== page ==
IF he orders you to tell your parents, then you have no choice and you must follow through. I honestly don't see an AOC doing that.
     
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  5. NavyHoops

    NavyHoops Moderator

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    No you are an adult, he can not order you to. As recommended, go sit down with your AOC and have a conversation. To be honest why you don't want to tell your parents is honestly none of their business either. As others have stated they may react badly and even question your honor. Work it out in your head first and remain calm with the AOC if this happens. If he demands you tell them, I would tell him you respectfully decline to. If he writes you up or continues to insist, recommend you go speak with the conduct officer on staff. Your AOC cannot demand this. If you have an upperclass you trust, recommend you sit down with them and just let them hear you out, ask question and help shore up your thoughts.
     
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  6. In-the-Know

    In-the-Know Member

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    If you have set your Privacy Act settings in CAMIS to do not notify parents of anything, then the answer is the AOC cannot notify your parents. If he or she does they are subject to punishment. Your AOC should know this and he will be punished for not following the law. You can file an IG complaint if he notifies your parents without your consent. However, be very careful. You must know that you have set your relase information in CAMIS correctly! Check CAMIS and if you don't know how to do this check with the registrar.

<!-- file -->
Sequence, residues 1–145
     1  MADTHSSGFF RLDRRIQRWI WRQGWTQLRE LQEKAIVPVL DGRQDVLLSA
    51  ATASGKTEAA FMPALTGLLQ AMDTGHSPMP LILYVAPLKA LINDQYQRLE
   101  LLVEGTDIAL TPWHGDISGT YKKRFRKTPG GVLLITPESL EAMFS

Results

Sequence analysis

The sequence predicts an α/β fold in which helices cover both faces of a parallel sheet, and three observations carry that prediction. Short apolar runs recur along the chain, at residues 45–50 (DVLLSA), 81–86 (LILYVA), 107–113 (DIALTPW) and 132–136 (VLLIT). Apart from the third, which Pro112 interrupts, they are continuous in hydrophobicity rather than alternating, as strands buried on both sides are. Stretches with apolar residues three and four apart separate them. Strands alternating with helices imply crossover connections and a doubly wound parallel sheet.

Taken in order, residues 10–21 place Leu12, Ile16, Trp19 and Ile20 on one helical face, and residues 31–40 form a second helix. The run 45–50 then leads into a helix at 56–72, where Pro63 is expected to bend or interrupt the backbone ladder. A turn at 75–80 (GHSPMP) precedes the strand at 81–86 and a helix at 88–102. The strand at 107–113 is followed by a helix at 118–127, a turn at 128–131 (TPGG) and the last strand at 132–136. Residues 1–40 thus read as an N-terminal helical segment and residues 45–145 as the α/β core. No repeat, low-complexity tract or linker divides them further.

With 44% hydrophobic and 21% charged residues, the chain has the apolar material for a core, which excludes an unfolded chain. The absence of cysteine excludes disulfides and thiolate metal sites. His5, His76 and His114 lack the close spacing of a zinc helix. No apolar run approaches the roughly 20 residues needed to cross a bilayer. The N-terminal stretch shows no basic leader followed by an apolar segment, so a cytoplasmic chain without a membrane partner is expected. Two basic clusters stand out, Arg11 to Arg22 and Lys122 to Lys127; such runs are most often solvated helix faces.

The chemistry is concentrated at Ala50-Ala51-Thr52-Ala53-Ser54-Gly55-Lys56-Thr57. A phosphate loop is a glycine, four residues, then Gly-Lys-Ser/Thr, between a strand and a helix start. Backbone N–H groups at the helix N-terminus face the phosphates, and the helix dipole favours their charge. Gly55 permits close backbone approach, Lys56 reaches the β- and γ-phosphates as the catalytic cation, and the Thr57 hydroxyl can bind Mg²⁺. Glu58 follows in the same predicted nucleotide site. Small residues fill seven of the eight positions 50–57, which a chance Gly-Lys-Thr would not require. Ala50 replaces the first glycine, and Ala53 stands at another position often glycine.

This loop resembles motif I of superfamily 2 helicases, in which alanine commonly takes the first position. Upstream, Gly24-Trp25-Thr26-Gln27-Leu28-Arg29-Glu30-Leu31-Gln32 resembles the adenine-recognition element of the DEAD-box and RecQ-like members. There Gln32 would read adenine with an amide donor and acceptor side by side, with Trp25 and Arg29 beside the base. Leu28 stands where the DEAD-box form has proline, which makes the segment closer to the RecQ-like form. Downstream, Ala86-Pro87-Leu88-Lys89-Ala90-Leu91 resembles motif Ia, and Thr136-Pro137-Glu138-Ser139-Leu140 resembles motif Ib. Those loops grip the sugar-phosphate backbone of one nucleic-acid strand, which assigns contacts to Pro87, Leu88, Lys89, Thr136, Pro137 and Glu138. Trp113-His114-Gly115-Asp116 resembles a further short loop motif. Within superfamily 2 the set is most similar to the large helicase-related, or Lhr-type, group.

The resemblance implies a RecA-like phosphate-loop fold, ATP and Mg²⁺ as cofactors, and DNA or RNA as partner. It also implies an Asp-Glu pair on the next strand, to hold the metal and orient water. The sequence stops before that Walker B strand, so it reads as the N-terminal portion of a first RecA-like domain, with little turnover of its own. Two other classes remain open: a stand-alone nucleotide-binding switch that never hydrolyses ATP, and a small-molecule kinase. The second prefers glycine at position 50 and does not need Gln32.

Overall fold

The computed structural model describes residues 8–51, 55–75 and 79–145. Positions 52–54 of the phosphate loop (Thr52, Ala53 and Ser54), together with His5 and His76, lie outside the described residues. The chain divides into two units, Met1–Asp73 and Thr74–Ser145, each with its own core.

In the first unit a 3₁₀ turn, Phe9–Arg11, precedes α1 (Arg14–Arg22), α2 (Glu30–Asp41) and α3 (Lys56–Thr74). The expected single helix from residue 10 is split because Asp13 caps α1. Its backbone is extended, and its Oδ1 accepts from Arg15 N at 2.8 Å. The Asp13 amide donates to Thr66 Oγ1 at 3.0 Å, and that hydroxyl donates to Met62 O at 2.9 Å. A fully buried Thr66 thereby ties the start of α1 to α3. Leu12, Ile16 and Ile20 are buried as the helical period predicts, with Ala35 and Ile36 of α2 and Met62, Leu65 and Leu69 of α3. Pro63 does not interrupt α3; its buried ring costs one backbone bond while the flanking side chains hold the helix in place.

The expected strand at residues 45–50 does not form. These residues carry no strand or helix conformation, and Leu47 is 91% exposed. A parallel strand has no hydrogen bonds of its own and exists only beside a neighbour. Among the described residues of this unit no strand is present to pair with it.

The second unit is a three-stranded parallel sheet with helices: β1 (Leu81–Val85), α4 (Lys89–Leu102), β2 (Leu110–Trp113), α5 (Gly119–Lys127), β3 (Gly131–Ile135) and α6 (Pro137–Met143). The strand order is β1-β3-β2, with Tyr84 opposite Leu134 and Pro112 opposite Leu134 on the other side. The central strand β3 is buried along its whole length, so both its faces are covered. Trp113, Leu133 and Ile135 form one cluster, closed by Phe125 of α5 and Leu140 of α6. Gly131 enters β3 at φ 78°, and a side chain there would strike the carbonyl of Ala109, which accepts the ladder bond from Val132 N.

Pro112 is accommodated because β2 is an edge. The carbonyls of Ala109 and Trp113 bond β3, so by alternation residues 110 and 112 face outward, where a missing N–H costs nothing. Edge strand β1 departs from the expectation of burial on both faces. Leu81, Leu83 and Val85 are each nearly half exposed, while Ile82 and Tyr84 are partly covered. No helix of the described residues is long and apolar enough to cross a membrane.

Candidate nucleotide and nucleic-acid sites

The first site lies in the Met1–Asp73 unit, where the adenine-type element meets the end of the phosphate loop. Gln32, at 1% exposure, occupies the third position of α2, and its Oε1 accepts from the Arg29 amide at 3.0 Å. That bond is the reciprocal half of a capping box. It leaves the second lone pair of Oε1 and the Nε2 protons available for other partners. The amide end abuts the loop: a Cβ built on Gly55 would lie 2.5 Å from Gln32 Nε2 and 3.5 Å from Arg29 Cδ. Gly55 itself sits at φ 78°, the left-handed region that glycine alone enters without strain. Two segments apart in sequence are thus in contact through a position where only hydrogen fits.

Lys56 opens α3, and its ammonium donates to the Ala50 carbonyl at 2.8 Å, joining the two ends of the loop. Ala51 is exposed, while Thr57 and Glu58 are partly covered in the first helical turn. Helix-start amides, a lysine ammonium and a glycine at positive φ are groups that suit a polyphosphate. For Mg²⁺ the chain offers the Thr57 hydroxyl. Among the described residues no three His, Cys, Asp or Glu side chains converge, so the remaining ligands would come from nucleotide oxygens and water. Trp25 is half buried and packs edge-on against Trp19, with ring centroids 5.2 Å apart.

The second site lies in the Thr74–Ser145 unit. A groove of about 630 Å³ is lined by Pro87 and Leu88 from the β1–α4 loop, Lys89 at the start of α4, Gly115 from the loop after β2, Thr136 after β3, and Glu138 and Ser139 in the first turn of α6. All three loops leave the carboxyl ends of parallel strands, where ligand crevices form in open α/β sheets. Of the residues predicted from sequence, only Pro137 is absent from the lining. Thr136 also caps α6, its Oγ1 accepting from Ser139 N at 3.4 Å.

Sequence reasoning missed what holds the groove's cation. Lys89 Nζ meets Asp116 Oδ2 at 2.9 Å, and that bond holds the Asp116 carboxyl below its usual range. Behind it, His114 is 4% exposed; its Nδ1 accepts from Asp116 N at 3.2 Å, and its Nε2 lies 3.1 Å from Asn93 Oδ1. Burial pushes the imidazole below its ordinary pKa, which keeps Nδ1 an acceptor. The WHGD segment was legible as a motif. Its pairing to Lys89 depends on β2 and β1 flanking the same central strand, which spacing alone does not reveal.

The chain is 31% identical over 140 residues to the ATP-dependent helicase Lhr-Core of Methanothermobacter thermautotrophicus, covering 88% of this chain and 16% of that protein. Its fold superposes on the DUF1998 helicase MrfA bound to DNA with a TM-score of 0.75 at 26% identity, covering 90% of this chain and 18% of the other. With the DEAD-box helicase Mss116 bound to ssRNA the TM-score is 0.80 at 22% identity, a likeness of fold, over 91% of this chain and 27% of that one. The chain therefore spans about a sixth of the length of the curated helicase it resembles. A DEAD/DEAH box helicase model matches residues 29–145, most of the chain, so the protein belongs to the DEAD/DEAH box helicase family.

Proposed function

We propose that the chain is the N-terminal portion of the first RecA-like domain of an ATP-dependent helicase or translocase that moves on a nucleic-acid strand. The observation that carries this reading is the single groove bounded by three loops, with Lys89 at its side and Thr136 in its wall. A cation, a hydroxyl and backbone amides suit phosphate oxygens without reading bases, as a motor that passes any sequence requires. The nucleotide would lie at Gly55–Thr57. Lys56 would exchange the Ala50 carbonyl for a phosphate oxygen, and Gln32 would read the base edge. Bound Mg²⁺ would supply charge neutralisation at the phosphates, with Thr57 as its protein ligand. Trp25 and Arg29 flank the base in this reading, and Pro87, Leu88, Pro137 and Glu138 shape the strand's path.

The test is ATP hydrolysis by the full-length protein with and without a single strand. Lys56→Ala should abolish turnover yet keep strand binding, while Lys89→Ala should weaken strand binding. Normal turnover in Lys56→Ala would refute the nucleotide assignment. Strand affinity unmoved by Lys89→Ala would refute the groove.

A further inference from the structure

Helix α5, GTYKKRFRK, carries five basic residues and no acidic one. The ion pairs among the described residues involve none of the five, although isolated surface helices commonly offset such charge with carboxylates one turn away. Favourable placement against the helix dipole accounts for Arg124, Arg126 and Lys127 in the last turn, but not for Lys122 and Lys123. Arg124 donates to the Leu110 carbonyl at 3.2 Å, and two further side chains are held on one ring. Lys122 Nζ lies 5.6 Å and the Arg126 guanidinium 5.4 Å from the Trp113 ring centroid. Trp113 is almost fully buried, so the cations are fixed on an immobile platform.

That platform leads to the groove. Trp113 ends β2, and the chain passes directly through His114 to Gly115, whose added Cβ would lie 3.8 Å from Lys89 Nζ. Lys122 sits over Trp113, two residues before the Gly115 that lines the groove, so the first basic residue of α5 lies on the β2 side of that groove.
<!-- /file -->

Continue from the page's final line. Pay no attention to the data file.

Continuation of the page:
Second, your yes sir to your AOC can be construed as agreeing to follow his direction. At best, your AOC may punish you for not following his perceived order. At worst your yes sir can be construed as lying. My advice is to go to your AOC and explain all of this to him. If you do not wish your parents to know, he cannot order you to tell them. If you have set your permissions correctly he would be giving an illegal order. You need to clear this up quickly. If your parents find out and call your AOC, you may have a whole heck of a lot more to deal with. Given that your offense was very serious to start with, you may be on the path to disenrollment. I think your parents would find out about that.

    From a non-jail house lawyer perspective I recommend that you think deeply about why you are not telling your parents. My experience is that you have done something that is deeply embarrasing. You should contemplate what you have done and learn from your punishment. There is a reason you recieved such harsh punishment although you may not understand it now. You may still not want to tell your parents and that is your perogative. However, something is definitely amiss with your conduct.

    You must resolve this quickly with your AOC or you are headed down a path from which you may not recover.
     
  7. Boozebin

    Boozebin Member

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    First I would like to say thank you for not taking what I was trying to say as trying to bash you or pry too much. Also thank you for expanding a bit on the situation. And for what it's worth Navyhoops and 83Gradwife have given very sound advice to many of our posters. You should use their advice and figure out a solution that works best for you in your situation.

    Good luck and if you don't mind come back and update if anything new happens. I think a lot of our young poster can learn from your experiences.
     
  8. Spud

    Spud BGO

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    Since the original offense was "failure to follow a direct order", you don't want your response (or non-response) to appear to be more of the same. Hoops advice is good. I would be inclined to submit a letter to the AOC very respectfully outlining why you choose not to notify your parents, are declining to do so, and accepting in full the punishment imposed instead of a conversation that evaporates in the air. It depends on what sort of relationship you have with the AOC and if you think you need a paper trail if he decides to push it (keep a copy of the letter, obviously).